What is Truth?
“Sanctify them in the truth.
Your word is truth.”
Have you ever noticed that dogs don’t lie? They don’t really tell the truth either, they just exist. They live in real time and deal with the world as it comes. If they have to pee, they sniff around to find a spot that suits them and they go. Unless a human teaches them otherwise, peeing in the house is just as appropriate to them as anywhere else. That’s the truth about animals. The world is their toilet.
Humans have a hard time processing that kind of truth. For whatever reason we want to make up stories to satisfy our need to know why. “My dog peed on the carpet because she was mad at me for leaving the house. Her previous owner must have left her alone all the time and now she has separation anxiety.” We often believe these stories we tell ourselves about why our dogs do what they do, which inevitably engages our emotions. We end up responding to our dogs according to the way we feel about our fictitious tales when the truth may be as simple as this: the dog was just never correctly or thoroughly potty trained.
This can cause problems when instead of taking steps to solve the issue, we get all wrapped up in the perceived drama. Guilt sets in every time we anticipate leaving the dog to go grocery shopping. While we are out, worry ensues as we think about what our dog is doing under the stress of being alone. Upon returning, frustration takes over while we scrub that same spot in the corner for the umpteenth time. Meanwhile the dog, sensing our displeasure, slinks out of the room, which we percieve as shame. This sends us back into a guilt spiral as we relive the fantasy of our poor dog with the neglected past. STOP the insanity! Get to the truth and say to yourself: my dog pees in the house whenever I leave the house. End of story. Then make a plan of action to change the dog’s behavior such as research potty training and start over. Leave the storytelling to Dr. Seuss.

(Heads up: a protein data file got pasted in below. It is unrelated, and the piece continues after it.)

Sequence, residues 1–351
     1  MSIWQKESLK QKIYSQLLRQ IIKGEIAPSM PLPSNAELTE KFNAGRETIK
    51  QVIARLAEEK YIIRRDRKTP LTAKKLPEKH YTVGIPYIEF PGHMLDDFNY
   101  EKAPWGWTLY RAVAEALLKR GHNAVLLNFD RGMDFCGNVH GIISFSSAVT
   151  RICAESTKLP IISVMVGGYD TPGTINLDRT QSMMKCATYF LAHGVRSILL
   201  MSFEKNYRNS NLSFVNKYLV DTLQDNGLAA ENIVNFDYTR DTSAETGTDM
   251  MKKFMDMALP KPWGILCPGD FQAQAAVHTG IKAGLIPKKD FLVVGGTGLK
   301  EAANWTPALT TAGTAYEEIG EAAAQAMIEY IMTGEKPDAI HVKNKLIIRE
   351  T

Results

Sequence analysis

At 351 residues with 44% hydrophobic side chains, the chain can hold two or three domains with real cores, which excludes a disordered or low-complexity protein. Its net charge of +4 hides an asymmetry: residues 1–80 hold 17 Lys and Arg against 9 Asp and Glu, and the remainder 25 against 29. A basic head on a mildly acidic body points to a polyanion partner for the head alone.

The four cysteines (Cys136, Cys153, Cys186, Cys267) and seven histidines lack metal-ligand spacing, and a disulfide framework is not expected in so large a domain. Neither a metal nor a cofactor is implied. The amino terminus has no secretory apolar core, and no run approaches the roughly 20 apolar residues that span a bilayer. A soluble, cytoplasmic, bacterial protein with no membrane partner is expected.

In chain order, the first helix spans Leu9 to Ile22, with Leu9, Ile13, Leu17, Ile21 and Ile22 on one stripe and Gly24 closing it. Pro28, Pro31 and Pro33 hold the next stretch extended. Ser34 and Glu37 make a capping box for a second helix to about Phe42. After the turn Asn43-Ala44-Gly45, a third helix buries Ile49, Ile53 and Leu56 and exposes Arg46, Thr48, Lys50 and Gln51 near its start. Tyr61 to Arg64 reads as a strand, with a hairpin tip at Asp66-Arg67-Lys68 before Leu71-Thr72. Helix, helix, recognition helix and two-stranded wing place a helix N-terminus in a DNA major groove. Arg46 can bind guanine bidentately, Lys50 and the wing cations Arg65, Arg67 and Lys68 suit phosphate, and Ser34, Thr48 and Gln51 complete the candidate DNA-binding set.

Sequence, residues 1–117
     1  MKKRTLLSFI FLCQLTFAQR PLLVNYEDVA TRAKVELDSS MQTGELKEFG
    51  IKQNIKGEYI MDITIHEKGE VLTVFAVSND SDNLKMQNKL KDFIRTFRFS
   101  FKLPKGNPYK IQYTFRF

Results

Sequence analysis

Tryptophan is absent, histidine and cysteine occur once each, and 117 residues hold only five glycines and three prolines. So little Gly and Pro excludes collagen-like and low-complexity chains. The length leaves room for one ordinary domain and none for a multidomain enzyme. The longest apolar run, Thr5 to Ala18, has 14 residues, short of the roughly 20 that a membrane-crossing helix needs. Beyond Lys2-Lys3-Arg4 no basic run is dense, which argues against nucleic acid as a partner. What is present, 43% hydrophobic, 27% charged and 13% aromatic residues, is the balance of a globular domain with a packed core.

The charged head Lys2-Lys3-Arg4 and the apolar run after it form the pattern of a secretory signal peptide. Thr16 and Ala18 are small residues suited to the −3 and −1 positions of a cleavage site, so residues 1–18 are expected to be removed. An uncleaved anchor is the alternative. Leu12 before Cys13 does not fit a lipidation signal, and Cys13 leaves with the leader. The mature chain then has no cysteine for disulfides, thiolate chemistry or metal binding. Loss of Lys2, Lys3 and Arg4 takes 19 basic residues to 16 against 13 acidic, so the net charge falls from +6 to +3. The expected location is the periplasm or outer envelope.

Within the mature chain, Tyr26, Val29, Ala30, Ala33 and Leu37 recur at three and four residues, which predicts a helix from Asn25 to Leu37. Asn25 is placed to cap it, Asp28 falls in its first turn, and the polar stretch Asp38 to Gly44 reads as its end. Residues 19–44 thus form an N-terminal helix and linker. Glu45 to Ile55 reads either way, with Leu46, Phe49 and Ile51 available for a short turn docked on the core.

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“What is truth?” Pilate asked Jesus when interrogating Him about being the king of the Jews. His answer is not recorded, however we know from John 14:6 that Jesus said of Himself, “ I am the way the truth and the life.”
Truth is the word alétheia in the Greek. It means what is true in any matter under consideration as opposed to what is feigned, fictitious or false. In ancient Greek culture this word was synonymous with the word “reality.”
When following Jesus “right here” it requires that I live in the truth, in reality. He promises to be with me always, as I stay in real time. But as soon as I let my mind wander into the past to relive unpleasant experiences or into future speculations about what may or may not happen tomorrow, I am no longer living in real time. I have left reality (what is true and real at this moment) and I’ve entered into a simulated dream-state that my thoughts have manufactured. And what of all the unknown variables? No problem, I will no doubt create something out of my imagination to make the story complete in order to answer the questions that plague my mind. But it’s feigned, fictitious and most likely false. And it leaves me feeling depressed, insecure and anxious.
I did it just this morning! I was well on my way to spiraling into despair over a situation I have no control over. I was worrying, conjecturing and filling in all the blanks with troublesome speculations until my dear husband helped me see that I had to STOP the insanity! And get back to what was true. Jesus is true. He is the way. He is life. His Word says that He will cause all things to work together for good to those who love Him and are called according to His purpose (Romans 8:28). Do I believe it or not? Yes, Lord, I believe. I will reign in my unruly imagination and trust You.